NOTE: In this article, Dawn redwood and Metasequoia glyptostroboides may be used interchangeably; in fact, Metasequoia glyptostroboides is the botanical name for Dawn redwood.
Unless you have acres to spare, the largest trees in the world are typically too big for gardens and landscapes. You can expect a sequoia tree to grow about 2 to 3 feet taller every year, quickly evolving into a large tree with a pyramidal shape and base that forms, if you plant it in the fall.
As the tree matures, the bark becomes fissured. The feathery, fine-textured needles are different in length. This is one of the few conifers that turn red and brown in the fall. The fruit is a female cone.
Why does my Metasequoia glyptostroboides roots have rot?
Root rot on your Dawn redwood (Metasequoia glyptostroboides) can be fatal if not treated with care. For this reason, we strongly recommend that you follow our guide to keep your plant alive if the symptoms occur: Root soft and blackened.
Why does my Dawn redwood have gray mold spots?
Gray mold spots are a type of fungus that is found a lot in flowers, and spreads quite rapidly. If you notice brown (or gray) spots, it is probably this fungus. Don’t ignore these symptoms, as they may end up killing your plant.
The answer is obvious once you recognize the cause of the problem. Most frequently, it results from the Metasequoia glyptostroboides being overwatered. We strongly advise you to remove the damaged plant parts, cut off the diseased roots and leaves, and then repot your plant in a new container with sterile potting soil.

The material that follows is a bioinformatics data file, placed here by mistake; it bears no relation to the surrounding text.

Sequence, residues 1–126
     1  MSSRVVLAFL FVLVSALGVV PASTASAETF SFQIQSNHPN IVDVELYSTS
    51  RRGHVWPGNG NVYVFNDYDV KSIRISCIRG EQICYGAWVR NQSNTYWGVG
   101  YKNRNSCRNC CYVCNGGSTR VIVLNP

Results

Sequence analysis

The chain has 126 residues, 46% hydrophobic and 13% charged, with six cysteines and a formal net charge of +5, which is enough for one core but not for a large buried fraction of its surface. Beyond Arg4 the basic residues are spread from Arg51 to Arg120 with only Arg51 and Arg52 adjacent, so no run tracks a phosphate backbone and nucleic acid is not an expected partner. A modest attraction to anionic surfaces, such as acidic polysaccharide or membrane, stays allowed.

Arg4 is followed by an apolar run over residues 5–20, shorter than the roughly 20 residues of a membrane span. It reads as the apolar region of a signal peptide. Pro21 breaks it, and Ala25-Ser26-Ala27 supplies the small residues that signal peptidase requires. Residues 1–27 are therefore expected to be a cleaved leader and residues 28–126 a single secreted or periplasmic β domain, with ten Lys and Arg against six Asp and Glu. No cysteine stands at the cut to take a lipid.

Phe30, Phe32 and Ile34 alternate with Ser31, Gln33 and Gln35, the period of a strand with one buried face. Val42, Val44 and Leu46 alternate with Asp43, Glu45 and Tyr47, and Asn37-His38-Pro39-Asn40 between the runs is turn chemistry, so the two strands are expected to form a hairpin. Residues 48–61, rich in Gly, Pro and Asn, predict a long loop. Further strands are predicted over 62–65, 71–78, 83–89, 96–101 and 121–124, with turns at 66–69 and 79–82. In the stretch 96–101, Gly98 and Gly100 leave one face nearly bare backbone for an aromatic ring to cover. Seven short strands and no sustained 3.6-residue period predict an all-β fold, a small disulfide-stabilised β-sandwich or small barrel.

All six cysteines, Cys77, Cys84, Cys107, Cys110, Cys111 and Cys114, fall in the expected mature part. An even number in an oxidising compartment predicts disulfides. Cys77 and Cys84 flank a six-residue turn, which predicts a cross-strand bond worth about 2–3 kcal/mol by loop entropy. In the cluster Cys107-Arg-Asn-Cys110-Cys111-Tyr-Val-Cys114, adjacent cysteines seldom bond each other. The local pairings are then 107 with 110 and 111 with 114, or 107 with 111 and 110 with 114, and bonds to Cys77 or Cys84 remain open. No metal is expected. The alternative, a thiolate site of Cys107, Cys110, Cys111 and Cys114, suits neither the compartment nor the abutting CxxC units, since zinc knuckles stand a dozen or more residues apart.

Why does my Dawn redwood have leaf spots?
We provide you with all the information you need to identify and save your plants if they display signs like leaves that suddenly change color or wilt/droop. This sort of sickness is one of the most aggravating for Dawn redwood owners.
Why are my Dawn redwood leaves turning yellow?
This is probably the most common problem in the gardening world, yellowing leaves. There are 2 main reasons for this phenomenon, overwatering, or a lack of nutrients.
Whether you think your plants are getting too much water, cut back on how often you water them, and take the following measures to see if they might be nutritionally deficient:
Here are some signs of yellowing caused by the many deficiencies on the Metasequoia glyptostroboides in question:
- Magnesium deficiency starts as yellow patches between leaf veins on older leaves. Veins stay green as yellow moves from the leaf center out. Leaf edges turn yellow last.
- Yellowing between leaf veins is another sign of iron shortage, but young leaves on plant tops and branch tips are initially affected.
- Sulfur deficiency starts with the newest leaves, turning them yellow throughout.
- Potassium deficiency shows itself when leaf edges turn bright yellow, but the inner leaf stays green. Older leaves show symptoms first, and leaf edges soon turn brown.
- Nitrogen deficiency shows up as a general yellowing. Older, inner leaves turn yellow first. As it progresses, yellowing moves outward, eventually reaching young leaves, too.
According to the symptoms mentioned above, you just have to act accordingly. You can reduce your watering frequency, or fix a deficiency in Potassium, or Nitrogen, for that, you just have to buy a special soil for your deficiency, a consultant in a gardening store will know perfectly well how to inform you.
Is my Dawn redwood sunburned?
You can easily tell if your Dawn redwood (your Metasequoia glyptostroboides) has a sunburn. In this case, your plant will change color, starting to turn yellow or white, much like it does on us.
As we saw above, the leaves of your Dawn redwood can also change color if it receives too much water or insufficient light.